Anti-fracking activists from Stroud join protests in Balcombe
CLIMATE campaigners from Stroud joined around 2,000 anti-fracking activists at a protest camp in West Sussex over the weekend, close to where the energy firm Cuadrilla is test-drilling for oil.
James Beecher, 29, of environmental group Transition Stroud, and his parents Sandi and John, both 69, travelled by train to Balcombe on Sunday, August 18, to deliver a message of solidarity to residents protesting against the controversial technique known as fracking, which is used to extract shale gas from deep underground.
Although Cuadrilla, which suspended drilling during the six-day protest, is only searching for oil at present, it has not ruled out using fracking to capture gas from the rock, despite fears that the technology could cause earth tremors and contaminate water supplies.
The Beechers, who took part in a march through the village with several other protesters from the Five Valleys, had collected around 30 signatures on an anti-fracking placard, which they presented to demonstrators at the site.
Among those who put their names to the cardboard sign before it was handed over to local campaigners was the Stroud green energy entrepreneur and founder of Ecotricity Dale Vince.
Environmental activist and PhD student James Beecher said his family attended the protest because they were opposed to fracking on a number of grounds.
"First, it is globally dangerous. It is getting gas which is a fossil fuel out of the ground when we need to leave fossil fuels in the ground if we are going to have any chance of avoiding catastrophic global warming," he said.
"The other big reason, which people in Stroud I think understand very well, is that it’s just not necessary. We know that there are all kinds of alternative energy sources like wind, solar and tidal.
"Those are the technologies we should be investing in and those are the industries we should be subsidising."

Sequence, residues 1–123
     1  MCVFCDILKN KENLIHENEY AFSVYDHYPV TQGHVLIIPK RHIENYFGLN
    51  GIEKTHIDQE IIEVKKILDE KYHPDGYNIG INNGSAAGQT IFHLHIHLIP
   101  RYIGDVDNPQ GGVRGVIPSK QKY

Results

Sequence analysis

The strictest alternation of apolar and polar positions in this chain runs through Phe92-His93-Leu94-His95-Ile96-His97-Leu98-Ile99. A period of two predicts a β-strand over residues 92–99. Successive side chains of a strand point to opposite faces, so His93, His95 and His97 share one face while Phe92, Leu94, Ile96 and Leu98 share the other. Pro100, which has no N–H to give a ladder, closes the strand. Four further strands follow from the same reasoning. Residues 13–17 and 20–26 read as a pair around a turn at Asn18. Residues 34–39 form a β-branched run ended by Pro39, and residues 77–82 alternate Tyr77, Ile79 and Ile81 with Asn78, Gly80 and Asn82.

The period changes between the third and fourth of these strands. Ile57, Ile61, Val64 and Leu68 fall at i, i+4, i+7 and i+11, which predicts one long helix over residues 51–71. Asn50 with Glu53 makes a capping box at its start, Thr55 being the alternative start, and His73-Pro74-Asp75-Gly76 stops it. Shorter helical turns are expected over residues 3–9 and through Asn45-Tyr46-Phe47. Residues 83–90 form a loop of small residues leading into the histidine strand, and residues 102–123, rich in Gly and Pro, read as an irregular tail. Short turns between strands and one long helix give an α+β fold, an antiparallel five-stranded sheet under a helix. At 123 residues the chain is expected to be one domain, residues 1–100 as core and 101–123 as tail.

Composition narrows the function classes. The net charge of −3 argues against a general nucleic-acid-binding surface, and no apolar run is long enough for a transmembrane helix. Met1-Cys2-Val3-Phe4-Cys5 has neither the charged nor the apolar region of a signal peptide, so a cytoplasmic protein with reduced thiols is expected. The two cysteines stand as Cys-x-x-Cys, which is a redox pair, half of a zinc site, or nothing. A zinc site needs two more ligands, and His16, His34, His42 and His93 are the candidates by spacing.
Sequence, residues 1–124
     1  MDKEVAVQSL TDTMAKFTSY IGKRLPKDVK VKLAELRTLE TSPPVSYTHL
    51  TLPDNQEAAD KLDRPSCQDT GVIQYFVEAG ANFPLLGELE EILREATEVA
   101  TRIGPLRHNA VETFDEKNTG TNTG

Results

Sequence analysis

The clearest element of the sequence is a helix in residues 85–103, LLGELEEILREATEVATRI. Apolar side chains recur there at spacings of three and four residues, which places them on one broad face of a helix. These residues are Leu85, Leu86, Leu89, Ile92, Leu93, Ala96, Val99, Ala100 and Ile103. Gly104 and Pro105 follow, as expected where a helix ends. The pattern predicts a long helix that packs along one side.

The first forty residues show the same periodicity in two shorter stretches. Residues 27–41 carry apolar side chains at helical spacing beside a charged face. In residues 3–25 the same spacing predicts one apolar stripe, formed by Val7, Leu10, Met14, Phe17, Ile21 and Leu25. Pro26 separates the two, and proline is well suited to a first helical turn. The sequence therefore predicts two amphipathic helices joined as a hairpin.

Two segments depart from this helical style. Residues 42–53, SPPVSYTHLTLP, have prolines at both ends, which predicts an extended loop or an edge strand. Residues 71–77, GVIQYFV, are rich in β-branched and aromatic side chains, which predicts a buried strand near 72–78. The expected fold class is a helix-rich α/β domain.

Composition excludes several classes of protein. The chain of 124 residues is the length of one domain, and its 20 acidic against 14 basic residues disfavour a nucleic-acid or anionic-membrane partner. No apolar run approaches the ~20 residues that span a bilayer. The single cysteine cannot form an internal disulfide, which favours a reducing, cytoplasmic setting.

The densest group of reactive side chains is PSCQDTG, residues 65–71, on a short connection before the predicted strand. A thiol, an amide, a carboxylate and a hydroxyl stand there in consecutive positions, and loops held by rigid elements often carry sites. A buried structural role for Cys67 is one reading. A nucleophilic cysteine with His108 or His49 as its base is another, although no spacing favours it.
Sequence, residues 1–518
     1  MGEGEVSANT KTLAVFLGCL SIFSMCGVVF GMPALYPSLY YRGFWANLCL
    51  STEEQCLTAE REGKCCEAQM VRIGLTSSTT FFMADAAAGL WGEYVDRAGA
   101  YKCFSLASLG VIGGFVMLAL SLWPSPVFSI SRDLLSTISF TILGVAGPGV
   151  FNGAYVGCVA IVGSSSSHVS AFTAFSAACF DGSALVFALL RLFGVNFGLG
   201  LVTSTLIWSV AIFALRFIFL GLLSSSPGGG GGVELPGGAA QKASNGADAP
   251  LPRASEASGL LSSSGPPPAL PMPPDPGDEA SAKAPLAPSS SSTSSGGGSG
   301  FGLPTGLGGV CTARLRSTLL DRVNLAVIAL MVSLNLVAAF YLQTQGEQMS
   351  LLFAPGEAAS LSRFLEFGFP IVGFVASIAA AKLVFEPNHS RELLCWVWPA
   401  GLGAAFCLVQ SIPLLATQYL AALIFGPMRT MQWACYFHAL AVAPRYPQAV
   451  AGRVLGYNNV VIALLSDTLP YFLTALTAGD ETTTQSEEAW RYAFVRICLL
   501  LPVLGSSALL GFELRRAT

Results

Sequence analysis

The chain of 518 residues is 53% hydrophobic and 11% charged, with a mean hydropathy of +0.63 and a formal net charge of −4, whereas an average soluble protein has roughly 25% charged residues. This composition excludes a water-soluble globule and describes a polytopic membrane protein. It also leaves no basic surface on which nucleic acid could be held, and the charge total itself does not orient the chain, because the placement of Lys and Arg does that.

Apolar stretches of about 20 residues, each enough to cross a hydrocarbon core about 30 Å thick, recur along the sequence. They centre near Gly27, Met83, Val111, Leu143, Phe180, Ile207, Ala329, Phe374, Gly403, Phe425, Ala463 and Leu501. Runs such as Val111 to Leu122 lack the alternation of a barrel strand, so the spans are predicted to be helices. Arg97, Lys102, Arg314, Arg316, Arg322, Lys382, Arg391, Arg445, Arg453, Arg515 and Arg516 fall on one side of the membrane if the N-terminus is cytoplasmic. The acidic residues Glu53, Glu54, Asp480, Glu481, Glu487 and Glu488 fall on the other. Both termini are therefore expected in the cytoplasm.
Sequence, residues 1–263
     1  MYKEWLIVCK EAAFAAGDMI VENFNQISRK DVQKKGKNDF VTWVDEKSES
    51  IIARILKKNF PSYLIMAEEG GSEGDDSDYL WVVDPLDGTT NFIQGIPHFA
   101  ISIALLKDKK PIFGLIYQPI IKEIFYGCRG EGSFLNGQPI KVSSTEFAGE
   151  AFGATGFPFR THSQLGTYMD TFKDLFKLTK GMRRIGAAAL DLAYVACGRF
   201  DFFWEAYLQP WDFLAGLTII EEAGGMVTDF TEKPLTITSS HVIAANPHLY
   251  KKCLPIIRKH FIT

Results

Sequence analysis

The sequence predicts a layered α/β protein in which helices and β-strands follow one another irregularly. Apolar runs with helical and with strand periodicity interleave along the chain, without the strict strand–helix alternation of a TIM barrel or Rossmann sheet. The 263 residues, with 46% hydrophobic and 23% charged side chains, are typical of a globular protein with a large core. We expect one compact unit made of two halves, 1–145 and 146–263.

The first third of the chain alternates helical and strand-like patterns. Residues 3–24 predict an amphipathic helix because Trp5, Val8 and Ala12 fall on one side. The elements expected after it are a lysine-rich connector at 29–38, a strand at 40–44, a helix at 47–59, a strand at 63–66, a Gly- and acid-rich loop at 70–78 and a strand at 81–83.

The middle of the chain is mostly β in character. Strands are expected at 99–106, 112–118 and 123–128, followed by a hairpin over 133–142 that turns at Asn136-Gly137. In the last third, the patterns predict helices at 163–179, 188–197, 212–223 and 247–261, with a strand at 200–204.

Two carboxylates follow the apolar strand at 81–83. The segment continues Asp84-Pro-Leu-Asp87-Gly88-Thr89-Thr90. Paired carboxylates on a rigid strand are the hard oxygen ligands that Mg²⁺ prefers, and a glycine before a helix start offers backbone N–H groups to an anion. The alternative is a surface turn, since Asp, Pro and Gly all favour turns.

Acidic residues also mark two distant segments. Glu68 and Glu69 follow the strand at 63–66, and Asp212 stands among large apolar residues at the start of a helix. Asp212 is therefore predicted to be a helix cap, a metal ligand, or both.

Mr Beecher also criticised the Government for providing ‘tax breaks’ for the fracking industry and warned that a failure to oppose the practice now could lead to drilling operations expanding throughout the south of England and possibly into Stroud in the future.
But the town's Conservative MP Neil Carmichael, who is in favour of fracking, said the technology could deliver a number of benefits, such as cheaper fuel bills for householders.
Speaking to the SNJ, Mr Carmichael voiced his support for a ‘mix’ of renewables and other energy sources, like shale gas, and said: "I think fracking has to be done in a sensible manner and I wouldn’t want to see it taking place in areas of outstanding natural beauty but subject to the economic case and environmental considerations it may well be appropriate to try it in some places."
Mr Carmichael added that he did not think there was ‘substantial evidence’ to back up anti-fracking protesters’ concerns about water pollution and earth tremors.
Asked whether he would be happy to see fracking take place in his constituency, the Tory MP said: "I don’t think there is any part of my constituency which is likely to have the geographical or geological characteristics for fracking and as I have already said I wouldn’t want areas of outstanding natural beauty to be affected so for all intents and purposes that would cover the Stroud Valleys."
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